Maybe I’ll never be one of those people who gets to 15 years sober or some such. But if I can get 15 years down the track and say “I’ve been sober for 15 years aside from 3 occasions when I drank”, I will be fine with that. I’d be overjoyed with that, in truth.

This is not a pitch for moderation in the slightest, but a recognition that my path is my own and it may not be perfect. I’m raising my chamomile and lavender tea to imperfections, to life-affirming slips, to sober internet friends, and to keeping on going one day at a time. 

One more lesson learned

I had three glasses of wine on Friday night. I’m not planning to have any more.

Friday would have been day 63. 

I felt off all last week. A constant headache and low mood for absolutely no reason at all, which was a rude shock after feeling so fabulous for so long. Looking back, there were a few things going subtly wrong. Too much work, not enough exercise, definitely not enough sleep, miserable weather, a really stressful situation where a friend has gone completely off the rails with alcohol and drugs and has a tiny baby thrown into the mix. I didn’t actually think about drinking at all until I got home from work all tearful and frustrated and poured it before I’d really had a chance to think about what I was doing.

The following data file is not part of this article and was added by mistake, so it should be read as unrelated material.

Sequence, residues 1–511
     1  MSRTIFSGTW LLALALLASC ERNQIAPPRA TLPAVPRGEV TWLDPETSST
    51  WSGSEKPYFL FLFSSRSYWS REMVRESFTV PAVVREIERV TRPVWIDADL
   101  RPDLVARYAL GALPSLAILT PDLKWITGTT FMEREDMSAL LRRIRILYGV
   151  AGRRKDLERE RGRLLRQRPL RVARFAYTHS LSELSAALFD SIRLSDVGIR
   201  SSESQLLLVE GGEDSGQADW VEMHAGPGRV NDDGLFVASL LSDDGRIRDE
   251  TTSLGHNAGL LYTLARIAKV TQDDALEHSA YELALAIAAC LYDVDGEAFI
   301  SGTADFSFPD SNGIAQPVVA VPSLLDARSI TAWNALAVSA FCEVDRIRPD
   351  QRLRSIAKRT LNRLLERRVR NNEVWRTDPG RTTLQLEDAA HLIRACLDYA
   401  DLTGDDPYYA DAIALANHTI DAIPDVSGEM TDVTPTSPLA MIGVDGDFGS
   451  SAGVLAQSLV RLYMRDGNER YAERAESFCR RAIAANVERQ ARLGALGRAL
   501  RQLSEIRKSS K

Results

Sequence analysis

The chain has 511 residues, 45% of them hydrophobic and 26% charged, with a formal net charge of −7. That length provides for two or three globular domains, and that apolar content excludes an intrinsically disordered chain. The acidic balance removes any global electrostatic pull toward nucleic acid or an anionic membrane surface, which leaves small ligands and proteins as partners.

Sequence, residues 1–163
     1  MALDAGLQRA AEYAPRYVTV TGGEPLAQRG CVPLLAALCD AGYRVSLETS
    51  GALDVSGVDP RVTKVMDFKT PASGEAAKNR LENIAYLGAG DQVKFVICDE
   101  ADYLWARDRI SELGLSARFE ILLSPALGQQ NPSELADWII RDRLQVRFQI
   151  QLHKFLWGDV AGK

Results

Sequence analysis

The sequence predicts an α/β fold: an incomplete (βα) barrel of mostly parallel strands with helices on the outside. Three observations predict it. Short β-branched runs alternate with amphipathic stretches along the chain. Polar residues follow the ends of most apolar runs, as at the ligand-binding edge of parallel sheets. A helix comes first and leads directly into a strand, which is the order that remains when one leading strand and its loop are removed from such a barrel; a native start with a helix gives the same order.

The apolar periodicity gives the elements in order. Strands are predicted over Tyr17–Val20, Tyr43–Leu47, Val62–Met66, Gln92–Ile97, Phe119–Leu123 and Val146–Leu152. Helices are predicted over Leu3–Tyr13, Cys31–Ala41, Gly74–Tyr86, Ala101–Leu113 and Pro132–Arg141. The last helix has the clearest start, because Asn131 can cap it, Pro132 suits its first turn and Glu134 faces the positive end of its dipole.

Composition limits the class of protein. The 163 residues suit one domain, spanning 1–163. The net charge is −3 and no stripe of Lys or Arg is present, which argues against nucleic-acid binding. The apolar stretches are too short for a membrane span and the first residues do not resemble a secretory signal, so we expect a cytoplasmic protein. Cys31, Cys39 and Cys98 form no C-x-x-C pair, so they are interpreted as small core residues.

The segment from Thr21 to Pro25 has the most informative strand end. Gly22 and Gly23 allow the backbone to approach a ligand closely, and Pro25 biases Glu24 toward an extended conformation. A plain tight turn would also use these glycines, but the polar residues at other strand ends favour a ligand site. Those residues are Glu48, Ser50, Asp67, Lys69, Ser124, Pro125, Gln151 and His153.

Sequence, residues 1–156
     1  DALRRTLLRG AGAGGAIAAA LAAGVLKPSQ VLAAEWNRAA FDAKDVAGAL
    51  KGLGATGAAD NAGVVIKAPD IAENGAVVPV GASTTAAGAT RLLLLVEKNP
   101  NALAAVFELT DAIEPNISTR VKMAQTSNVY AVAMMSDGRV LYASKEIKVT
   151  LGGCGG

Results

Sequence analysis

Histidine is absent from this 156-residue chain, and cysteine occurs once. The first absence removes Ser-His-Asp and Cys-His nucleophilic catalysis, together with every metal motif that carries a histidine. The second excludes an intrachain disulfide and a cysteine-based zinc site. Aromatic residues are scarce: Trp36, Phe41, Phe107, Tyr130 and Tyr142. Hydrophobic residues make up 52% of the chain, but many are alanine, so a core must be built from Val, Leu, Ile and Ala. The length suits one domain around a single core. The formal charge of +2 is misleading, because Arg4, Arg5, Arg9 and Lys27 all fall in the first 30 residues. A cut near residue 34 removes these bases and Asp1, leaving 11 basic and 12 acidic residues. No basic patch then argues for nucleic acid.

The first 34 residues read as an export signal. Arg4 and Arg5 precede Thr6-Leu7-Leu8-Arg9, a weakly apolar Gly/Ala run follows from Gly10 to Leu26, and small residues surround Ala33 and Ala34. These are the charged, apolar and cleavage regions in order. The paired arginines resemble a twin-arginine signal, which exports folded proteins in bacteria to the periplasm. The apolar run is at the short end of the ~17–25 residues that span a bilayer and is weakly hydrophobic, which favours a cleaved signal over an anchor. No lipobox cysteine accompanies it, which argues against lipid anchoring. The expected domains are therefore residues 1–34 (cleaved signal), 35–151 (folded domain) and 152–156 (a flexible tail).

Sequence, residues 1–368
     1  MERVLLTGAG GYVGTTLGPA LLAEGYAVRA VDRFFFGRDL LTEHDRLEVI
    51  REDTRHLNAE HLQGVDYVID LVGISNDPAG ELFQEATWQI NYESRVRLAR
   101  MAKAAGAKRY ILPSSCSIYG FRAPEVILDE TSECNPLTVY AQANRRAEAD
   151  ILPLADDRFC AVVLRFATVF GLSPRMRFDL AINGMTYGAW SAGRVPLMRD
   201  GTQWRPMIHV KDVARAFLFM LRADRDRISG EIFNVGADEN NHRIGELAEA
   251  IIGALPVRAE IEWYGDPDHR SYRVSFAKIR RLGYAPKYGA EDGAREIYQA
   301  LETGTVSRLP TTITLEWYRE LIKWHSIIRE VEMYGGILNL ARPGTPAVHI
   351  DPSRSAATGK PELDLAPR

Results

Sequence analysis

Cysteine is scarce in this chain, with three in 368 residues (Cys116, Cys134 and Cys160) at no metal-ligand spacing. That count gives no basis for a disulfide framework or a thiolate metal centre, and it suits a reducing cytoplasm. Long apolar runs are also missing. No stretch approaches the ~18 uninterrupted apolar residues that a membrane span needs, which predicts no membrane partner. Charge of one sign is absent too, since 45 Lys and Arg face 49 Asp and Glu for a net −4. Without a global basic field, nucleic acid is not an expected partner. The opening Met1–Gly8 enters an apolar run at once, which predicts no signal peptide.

I’m often a mess on Friday nights. My job is emotionally exhausting – let’s face it, nobody needs a lawyer when everything is going swimmingly. There is a disproportionate number of high conflict personalities – because nobody needs a lawyer if both sides are reasonable people who can compromise. And I am still learning what I’m doing in a lot of ways, which is totally frustrating, because by 33 I imagined I’d be CEO of the universe and not clinging to the bottom rung of my career ladder. As a result, I often come home with none of my self-soothing resources left, and if I don’t drink then I smoke a bunch of cigarettes or eat a stupid amount of chocolate or get into an argument about something I don’t even care about on social media. 

It’s not like I don’t know what the solution is. Or solutions. There are heaps of them and they have been working for nine weeks. Making plans to do something  which involves being totally sober – like ice skating or pole dancing. Or retreating to the bath to slather my face in a mud mask and read a novel and drink tea. Gosh, it’s not rocket science.